Cryptocat — encryption can make you safe, or very very unsafe
One of the first rules of security is that you never use a product that employs any form of proprietary cryptography. And if a security guy then says ‘be careful’, you’d best be very very careful — no matter how many magazines or newspapers say the product is the real deal.
That’s what happened with Cryptocat which is a secure chat product that “could save your life and help overthrow your government,” according to Wired — it could “save lives, subvert governments and frustrate marketers.” Forbes said that it “establishes a secure, encrypted chat session that is not subject to commercial or government surveillance.” Sounds good.
But security folk weren’t so sure. “Since Cryptocat was first released,” warned Christopher Soghoian in July 2012, “security experts have criticized the web-based app, which is vulnerable to several attacks, some possible using automated tools.”
Patrick Ball expanded in August 2012:
CryptoCat is one of a whole class of applications that rely on what’s called “host-based security”… Unfortunately, these tools are subject to a well-known attack… but the short version is if you use one of these applications, your security depends entirely the security of the host. This means that in practice, CryptoCat is no more secure than Yahoo chat, and Hushmail is no more secure than Gmail. More generally, your security in a host-based encryption system is no better than having no crypto at all.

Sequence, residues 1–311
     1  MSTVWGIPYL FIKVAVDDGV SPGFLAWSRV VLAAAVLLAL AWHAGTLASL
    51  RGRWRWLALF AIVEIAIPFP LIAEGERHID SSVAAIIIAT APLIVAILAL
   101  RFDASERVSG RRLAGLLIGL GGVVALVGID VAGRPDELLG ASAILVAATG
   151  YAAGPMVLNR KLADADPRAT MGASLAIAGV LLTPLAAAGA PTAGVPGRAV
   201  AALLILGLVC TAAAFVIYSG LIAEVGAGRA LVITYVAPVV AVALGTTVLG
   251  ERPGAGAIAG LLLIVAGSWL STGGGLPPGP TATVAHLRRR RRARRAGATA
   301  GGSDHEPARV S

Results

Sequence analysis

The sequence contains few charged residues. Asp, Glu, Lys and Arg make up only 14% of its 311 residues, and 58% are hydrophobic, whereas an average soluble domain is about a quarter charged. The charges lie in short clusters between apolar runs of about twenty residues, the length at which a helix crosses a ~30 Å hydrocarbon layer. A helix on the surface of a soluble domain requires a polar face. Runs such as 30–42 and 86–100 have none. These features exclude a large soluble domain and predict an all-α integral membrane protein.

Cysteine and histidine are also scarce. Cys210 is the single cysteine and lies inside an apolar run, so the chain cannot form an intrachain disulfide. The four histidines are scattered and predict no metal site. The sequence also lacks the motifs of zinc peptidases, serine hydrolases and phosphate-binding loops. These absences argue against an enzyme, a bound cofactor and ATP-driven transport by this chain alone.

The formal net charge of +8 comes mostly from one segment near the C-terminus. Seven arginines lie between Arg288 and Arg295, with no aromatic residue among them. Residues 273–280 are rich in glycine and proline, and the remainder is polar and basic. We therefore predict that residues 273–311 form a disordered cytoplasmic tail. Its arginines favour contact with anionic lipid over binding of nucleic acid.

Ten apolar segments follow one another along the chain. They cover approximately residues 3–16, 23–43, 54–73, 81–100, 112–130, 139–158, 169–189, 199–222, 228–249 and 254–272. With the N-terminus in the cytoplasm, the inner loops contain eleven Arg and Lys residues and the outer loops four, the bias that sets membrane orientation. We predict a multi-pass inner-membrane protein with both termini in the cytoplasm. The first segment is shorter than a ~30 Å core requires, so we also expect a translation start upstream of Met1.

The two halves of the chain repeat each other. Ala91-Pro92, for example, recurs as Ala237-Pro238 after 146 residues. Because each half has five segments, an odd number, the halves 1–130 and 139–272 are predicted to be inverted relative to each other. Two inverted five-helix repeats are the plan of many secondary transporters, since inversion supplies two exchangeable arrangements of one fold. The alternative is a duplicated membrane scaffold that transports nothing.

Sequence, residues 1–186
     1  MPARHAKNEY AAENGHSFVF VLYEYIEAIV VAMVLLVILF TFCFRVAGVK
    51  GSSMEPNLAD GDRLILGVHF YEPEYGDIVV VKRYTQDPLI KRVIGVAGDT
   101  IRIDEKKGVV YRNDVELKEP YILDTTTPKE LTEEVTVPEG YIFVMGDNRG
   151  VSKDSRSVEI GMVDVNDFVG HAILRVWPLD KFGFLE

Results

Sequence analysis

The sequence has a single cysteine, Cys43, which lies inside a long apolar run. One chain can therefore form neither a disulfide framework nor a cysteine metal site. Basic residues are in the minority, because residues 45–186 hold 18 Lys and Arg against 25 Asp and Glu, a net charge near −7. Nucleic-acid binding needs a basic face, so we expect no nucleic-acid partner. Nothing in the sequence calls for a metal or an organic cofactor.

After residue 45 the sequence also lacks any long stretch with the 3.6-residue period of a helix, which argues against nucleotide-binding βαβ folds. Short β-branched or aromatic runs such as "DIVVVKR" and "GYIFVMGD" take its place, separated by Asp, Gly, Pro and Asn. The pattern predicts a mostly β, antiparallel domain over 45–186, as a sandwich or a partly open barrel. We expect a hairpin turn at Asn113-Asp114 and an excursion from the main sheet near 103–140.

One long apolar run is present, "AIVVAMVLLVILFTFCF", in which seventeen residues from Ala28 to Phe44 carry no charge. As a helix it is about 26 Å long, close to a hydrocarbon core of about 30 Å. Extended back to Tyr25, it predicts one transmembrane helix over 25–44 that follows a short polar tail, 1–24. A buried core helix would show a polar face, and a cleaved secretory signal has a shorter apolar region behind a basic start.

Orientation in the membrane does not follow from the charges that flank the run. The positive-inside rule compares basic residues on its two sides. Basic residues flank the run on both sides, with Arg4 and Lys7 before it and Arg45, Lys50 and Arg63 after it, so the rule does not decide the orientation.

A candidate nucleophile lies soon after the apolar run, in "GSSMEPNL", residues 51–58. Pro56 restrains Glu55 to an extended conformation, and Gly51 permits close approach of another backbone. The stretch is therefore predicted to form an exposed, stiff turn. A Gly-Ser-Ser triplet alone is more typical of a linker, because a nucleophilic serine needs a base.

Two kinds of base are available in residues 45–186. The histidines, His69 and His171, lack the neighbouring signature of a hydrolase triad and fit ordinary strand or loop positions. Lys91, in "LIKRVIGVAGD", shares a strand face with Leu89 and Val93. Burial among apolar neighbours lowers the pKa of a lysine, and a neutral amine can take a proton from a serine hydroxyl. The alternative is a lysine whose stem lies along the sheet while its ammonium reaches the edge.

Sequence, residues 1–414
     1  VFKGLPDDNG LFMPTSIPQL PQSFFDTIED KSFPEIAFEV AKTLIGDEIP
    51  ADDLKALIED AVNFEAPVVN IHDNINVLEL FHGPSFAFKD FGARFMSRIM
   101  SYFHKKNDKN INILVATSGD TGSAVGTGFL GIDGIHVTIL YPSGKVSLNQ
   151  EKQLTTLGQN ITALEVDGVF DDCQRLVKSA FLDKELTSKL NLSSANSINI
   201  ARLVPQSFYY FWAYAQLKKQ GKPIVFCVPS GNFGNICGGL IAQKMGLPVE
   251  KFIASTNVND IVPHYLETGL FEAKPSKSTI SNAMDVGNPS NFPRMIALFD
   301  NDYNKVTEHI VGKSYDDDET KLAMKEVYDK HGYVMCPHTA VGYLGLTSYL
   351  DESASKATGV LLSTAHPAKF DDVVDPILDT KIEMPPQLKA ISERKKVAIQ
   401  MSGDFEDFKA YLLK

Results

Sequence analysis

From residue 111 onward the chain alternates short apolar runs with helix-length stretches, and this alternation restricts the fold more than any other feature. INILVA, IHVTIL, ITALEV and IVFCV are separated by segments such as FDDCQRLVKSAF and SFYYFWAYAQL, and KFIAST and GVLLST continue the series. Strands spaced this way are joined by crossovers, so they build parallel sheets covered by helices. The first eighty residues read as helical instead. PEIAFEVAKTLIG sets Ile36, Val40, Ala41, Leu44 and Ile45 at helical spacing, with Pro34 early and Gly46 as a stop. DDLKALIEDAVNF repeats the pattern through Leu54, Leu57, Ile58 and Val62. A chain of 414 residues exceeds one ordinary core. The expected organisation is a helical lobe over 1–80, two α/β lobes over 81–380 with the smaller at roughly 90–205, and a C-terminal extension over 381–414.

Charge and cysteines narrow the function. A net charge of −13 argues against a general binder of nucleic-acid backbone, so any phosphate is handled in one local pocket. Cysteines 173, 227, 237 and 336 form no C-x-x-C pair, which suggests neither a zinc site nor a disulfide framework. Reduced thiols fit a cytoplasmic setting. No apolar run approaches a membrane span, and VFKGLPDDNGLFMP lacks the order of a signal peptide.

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Security professionals, then, were not surprised when last week Steve Thomas wrote about his DecryptoCat — which does what it says on the can: it cracks the keys that let you read the messages.
If you used group chat in Cryptocat from October 17th, 2011 to June 15th, 2013 assume your messages were compromised. Also if you or the person you are talking to has a version from that time span, then assume your messages are being compromised. Lastly I think everyone involved with Cryptocat are incompetent.
This is a big deal, because Cryptocat has been marketed towards dissidents operating in repressive regimes. As Soghoian wrote:
We also engage in risk compensation with security software. When we think our communications are secure, we are probably more likely to say things that we wouldn’t if our calls were going over a telephone like or via Facebook. However, if the security software people are using is in fact insecure, then the users of the software are put in danger.
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Add to that the current revelations on the NSA/GCHQ mass surveillance, and our understanding from last week’s Snowden revelations that the NSA automatically and indefinitely retains encrypted messages, then we can say with pretty near certainty that if you have been using Cryptocat, at least the US and UK governments are aware of everything you said.